Quilt Backing


Your Quilt is not complete without a Backing

When shopping for quilt backing, most people will purchase inexpensive fabric or plain muslin. This is fine as long as it is good quality fabric. You don’t want the back of your quilt to wear out long before the top. Remember that sometimes the backing will show if it gets flipped over or scrunched somehow. So, consider choosing a backing that co-ordinates with the top of the quilt. Avoid the temptation to purchase a sheet for your quilt backing. The results are unpredictable when quilting sheets. The higher thread count causes needles to become duller faster and sheets do not heal like quilting fabric.

How to piece your quilt backing. It is possible to purchase extra wide fabric made especially for the purpose of quilt backing. This is a great choice that saves you time because you don’t have to sew long pieces together. Or, if you’re a hand quilter, you don’t have any extra seams to sew through. If you cannot find extra wide backing fabric that co-ordinates with your quilt, then you will purchase enough quilting cotton that when sewn together it is big enough for your quilt.

When sewing 44” fabric together for the back, rather than make just one seam down the center of the back, it is best to put one full width of the fabric down the center, and add two narrower widths down each side as shown below.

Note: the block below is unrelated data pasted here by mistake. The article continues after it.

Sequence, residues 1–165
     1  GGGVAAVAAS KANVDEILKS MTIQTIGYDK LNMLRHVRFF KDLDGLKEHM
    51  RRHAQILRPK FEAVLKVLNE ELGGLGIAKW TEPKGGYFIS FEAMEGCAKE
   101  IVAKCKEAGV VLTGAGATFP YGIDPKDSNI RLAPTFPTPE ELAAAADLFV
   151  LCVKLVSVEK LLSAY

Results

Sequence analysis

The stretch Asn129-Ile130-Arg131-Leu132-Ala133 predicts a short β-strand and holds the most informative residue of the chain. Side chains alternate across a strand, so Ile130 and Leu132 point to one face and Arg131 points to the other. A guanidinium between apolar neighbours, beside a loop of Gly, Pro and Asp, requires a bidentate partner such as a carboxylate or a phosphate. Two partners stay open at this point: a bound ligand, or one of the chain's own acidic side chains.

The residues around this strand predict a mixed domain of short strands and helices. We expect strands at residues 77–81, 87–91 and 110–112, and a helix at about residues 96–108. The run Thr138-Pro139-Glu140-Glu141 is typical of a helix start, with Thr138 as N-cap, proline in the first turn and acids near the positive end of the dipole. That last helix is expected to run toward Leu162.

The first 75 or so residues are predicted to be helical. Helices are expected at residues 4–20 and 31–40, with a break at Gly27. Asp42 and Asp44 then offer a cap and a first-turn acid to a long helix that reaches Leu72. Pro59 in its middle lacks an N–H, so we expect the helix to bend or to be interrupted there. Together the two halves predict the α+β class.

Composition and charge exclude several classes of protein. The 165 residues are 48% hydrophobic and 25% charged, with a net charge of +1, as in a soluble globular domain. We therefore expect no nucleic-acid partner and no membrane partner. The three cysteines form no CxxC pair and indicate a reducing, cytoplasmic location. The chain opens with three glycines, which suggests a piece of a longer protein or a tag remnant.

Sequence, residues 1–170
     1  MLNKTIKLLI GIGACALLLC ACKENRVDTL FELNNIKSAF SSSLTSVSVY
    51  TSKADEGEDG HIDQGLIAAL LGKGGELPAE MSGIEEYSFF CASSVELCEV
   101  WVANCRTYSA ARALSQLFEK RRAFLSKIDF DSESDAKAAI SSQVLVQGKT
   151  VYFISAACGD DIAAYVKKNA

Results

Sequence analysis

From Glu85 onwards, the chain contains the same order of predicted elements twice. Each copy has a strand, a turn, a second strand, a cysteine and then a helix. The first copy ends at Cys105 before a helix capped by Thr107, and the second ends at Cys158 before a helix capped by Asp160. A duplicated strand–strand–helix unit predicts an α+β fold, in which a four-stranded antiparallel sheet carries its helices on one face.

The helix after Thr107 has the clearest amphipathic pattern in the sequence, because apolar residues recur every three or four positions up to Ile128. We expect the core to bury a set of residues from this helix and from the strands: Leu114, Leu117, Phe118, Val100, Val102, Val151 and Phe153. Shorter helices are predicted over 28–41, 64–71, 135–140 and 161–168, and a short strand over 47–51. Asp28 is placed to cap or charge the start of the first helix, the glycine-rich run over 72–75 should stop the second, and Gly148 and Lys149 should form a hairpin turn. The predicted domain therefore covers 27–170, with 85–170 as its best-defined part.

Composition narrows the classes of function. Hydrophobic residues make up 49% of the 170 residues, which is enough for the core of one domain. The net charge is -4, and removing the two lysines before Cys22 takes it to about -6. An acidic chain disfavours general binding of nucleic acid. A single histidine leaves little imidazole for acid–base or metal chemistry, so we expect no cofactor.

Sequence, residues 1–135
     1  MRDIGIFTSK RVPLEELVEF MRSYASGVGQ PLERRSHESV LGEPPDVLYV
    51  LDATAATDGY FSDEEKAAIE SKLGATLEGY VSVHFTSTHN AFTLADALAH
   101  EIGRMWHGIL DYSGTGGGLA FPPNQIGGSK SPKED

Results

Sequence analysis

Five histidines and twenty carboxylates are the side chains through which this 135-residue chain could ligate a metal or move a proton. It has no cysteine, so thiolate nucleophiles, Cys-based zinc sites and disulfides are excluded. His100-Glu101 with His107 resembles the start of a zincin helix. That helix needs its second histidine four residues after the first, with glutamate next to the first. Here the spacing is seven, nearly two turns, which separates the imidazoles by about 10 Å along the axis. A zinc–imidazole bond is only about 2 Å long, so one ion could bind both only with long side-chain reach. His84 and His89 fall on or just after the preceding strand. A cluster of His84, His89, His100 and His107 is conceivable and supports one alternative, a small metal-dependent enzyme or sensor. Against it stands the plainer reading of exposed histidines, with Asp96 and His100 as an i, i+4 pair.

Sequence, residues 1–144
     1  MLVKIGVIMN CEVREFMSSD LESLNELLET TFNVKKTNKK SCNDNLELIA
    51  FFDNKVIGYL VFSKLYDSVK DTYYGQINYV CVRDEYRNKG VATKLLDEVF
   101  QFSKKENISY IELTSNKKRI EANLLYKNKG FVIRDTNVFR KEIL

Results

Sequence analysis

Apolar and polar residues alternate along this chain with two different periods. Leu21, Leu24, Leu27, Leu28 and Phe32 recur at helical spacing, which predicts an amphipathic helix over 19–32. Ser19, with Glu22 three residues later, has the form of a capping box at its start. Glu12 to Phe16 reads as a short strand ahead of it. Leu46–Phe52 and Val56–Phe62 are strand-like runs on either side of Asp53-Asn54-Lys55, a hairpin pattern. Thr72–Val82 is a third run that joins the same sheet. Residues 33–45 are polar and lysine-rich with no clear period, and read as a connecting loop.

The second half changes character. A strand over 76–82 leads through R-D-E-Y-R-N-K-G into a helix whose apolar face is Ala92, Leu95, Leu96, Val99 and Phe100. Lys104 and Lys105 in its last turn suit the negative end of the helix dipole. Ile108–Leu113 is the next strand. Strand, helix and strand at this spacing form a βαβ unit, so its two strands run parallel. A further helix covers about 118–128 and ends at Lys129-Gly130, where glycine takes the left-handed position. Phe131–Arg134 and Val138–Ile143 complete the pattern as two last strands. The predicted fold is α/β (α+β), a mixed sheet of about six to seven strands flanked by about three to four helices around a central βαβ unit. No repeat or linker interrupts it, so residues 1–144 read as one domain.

The reason for this is that a quilt gets most of its wear down the center and a seam there will wear faster. Also it is more comfortable if you are snuggling under a quilt, to NOT have the seam down the middle.

Two full side panels would not be necessary for a quilt that is 60” wide. By using one 44” panel and one 20” panel, the seam will be offset from center.

How to figure out how much fabric you need to purchase for your quilt backing: The back of your quilt should be about 3-4” larger all around than the top of the quilt. I usually measure the length of the quilt and add 8”, and then measure the width and add 8”. If the quilt is wider than the normal 45” fabric (it is also a good idea to measure the exact width of the fabric you are purchasing as widths vary from 40-45”), then you will need two lengths, ie if your quilt top is 70×85, add 8” each way making it 78×93, then you will need 93” times two, or 186”. I would purchase 4.8 m (186″ divided by 39″ for meters).

You can also make a horizontal seam on the back. This means if the length of your top, plus the 4” top and bottom, adds up to less than 90″ (45”x2) then you could use two widths of fabric. Measure the width plus 8” and purchase two times this number.

Some quilters also like to piece the quilt backing, using the left over fabric from the front. It can be squares or strips or whatever you want to create. If you are piecing and adding border strips to the backing, the strips added should be at least 3” wide. Having a large number to seams close together makes it difficult to center the quilt top while avoiding seams (seams that the machine quilter must quilt over and you will need to trim away before binding).

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